Rhode Island Lighthouses




Gull Rocks Lighthouse
(Gull Rock Light)



Gull Rocks Lighthouse
 Courtesy of Coast Guard Historian's Office


Location: East Side of the Newport Bridge
Location: 1887 - 1969 l Lat 41 30 12 N - Long 71 20 01 W
Established: 1887

Lighthouse Constructed: 1887
Replaced with Skeleton Tower: 1928
Automated: 1960
Discontinued: 1969
Original Illuminating Apparatus: Two Tublar Lanterns (1887)
Second Illuminating Apparatus: Two Lens Lanterns (1899)
Third Illuminating Apparatus: 375-mm Lens
Current Illuminating Apparatus: None
Height: Lighthouse: 40 feet (1906)

Height: Skeleton tower: 45 feet (1928)

Height: None (2005)
Status: No Longer Exists
Light Characteristic: Lighthouse: Fixed Red from the east side of lighthouse (1887)
Light Characteristic: Lighthouse: Fixed White from the west side of lighthouse (1887)

Light Characteristic: Lighthouse: Fixed White from the east side of lighthouse (1899)
Light Characteristic: Lighthouse: Fixed Red from the west side of lighthouse (1899)

Light Characteristic: Skeleton tower: Flashing Green every 3 seconds (1940)
Light Characteristic:Skeleton tower Flashing Green every 5 seconds (1952)
Light Characteristic:Skeleton tower Flashing Green every 3 seconds (1928)

Light Characteristic: None (2005)
Range: Lighthouse: 12½ miles (1906)

Range: Skeleton tower: 10 miles (1968)

Range: None (2005)
Fog Signal: Bell Struck By Machinery (1912)
Fog Signal Characteristic: Bell Struck 1 Times (1912)
Fog Signal Characteristic: Silent for 5 Seconds
Fog Signal Characteristic: Bell Struck 1 Times
Fog Signal Characteristic: Silent for 5 Seconds

Fog Signal Characteristic: Bell Struck 1 Times (1952)
Fog Signal Characteristic: Silent for 20 Seconds
Location: Established: Lighthouse Constructed: Replaced with Skeleton Tower: Automated: Discontinued: Original Illuminating Apparatus: Second Illuminating Apparatus: Third Illuminating Apparatus: Current Illuminating Apparatus: Height: Status: Light Characteristic: Range: Fog Signal: Fog Signal Characteristic:


In the years before the Gull Rocks Lighthouse was built, the Old Colony Steamboat Company maintained their own aids to navigation, to help their ships travel safely up and down Narragansett Bay. John Swan, an employee of the company, was the navigational aide on Gull Rocks. He would row out to the rocks and sit under a shelter, blowing a horn as a warning to oncoming steamers. The company later placed a light on Gull Rocks.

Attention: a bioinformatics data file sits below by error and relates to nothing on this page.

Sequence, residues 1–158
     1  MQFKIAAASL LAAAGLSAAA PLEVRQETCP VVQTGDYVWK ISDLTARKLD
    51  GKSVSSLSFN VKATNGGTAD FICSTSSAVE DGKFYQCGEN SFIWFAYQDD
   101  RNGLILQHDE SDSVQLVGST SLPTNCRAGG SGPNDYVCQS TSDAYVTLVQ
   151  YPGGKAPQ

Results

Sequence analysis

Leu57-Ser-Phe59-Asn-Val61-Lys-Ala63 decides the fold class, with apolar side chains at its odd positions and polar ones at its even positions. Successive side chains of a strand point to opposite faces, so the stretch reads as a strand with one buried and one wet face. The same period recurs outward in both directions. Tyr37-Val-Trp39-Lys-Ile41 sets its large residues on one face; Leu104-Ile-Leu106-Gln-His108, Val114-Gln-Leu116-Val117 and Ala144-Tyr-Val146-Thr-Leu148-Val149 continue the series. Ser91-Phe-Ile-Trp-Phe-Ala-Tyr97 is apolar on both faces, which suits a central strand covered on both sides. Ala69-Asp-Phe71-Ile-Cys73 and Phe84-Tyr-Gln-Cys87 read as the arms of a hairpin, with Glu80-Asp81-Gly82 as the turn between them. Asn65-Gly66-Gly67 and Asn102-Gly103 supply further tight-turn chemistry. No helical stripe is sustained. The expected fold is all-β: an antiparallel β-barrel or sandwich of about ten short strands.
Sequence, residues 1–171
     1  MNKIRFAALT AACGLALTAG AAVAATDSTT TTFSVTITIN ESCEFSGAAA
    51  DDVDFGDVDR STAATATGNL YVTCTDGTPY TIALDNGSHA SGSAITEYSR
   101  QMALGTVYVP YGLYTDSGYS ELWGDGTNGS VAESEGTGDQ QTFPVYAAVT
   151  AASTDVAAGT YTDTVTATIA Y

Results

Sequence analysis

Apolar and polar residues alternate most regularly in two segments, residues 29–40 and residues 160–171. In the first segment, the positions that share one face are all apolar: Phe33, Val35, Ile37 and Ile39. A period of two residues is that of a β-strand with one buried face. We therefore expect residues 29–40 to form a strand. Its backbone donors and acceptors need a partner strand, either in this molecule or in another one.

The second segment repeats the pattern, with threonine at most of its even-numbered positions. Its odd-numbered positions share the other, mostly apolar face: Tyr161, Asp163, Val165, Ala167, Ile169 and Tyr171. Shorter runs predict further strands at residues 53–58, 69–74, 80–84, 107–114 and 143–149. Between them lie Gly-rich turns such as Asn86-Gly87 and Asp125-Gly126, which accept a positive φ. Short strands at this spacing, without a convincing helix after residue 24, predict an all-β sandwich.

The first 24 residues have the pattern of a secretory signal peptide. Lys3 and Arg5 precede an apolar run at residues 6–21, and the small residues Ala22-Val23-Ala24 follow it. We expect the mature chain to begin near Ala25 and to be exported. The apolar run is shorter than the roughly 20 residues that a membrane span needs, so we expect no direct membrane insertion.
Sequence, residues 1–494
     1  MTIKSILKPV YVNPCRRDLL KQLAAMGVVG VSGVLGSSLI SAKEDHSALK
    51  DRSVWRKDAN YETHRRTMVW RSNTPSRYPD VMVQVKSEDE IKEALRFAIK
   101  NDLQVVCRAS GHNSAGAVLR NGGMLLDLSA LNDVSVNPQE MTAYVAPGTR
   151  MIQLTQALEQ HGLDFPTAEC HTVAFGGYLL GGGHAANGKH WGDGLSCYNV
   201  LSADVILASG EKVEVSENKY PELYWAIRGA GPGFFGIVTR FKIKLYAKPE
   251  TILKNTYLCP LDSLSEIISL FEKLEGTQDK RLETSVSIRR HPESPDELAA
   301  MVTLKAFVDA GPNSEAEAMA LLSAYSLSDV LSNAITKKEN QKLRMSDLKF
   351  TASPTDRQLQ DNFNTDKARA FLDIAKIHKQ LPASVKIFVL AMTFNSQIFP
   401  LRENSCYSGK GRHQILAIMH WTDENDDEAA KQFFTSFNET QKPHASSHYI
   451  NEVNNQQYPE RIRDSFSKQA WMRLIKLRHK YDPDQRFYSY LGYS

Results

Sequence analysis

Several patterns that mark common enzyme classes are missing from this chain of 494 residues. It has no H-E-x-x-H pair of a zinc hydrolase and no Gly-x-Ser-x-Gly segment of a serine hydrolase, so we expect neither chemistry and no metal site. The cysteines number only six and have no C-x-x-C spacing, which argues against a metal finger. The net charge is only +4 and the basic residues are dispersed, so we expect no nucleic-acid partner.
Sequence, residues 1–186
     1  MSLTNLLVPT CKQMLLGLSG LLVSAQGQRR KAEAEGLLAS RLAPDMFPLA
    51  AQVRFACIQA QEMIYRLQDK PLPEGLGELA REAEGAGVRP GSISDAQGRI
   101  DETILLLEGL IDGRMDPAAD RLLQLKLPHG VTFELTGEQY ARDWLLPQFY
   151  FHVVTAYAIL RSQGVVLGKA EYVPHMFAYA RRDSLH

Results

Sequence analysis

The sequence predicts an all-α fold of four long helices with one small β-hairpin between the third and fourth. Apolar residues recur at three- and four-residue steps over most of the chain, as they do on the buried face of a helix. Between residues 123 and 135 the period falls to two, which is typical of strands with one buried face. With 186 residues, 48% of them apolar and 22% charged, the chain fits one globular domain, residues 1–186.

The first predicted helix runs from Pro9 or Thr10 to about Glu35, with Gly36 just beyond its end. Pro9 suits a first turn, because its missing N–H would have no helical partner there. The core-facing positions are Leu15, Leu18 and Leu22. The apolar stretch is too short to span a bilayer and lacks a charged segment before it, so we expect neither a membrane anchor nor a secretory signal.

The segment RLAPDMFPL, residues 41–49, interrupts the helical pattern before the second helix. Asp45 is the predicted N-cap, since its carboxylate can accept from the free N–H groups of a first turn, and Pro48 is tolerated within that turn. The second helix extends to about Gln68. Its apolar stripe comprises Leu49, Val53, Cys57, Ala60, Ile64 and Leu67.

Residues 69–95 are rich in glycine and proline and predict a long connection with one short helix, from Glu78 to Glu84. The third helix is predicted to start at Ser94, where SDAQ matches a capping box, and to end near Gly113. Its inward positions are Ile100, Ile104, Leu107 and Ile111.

In 1885 the Lighthouse Board wanted to replace the Old Colony light with a government lighthouse. It would be two years before Gull Rocks Lighthouse was built. The A-frame lighthouse was equipped with two post lanterns. They were hung from the gables on the east side and west side of the lighthouse. They were replaced by more powerful lens lanterns in 1899. In 1928, the twin lights were replaced with a single light on a 45 foot skeleton tower.

Frederick Purington was appointed Gull Rocks Lighthouse's first keeper in 1887. It appeared he had an uneventful time there until 1894. An article in the September 27, 1894 edition of The Boston Globe said he was assaulted at the lighthouse. His wife was on the second floor when she heard her husband cry out. She ran downstairs and found her husband on the floor bleeding and unconscious. She rowed to the nearby Naval training station for help for her husband. A sailor went back to the lighthouse to help her husband.

Gull Rocks Lighthouse
 Courtesy of The Boston Globe September 27, 1894

Purington had received an anonymous letter a few weeks earlier claiming he had stolen lobster pots. The writer said he was going to kill him. The police found out who sent the letter and believed he was the attacker.

An article in a local paper, the Fall River Daily Evening News, also on September 27, 1894 suggested a different reason for the attack. It stated the attacker, Frank Cooper, and Purington's wife were having an affair. Cooper was arrested the same day. He was detained by the Newport Police and held on ten thousand dollars bail. This was to keep him in custody for Federal authorities. Gull Rocks Lighthouse was on Federal land and he could not be charged by Newport or Rhode Island authorities.

Some people in Newport believed Cooper was innocent and had seen him in Newport for a large part of the night that Purington was assaulted. He was released from jail a couple of days later.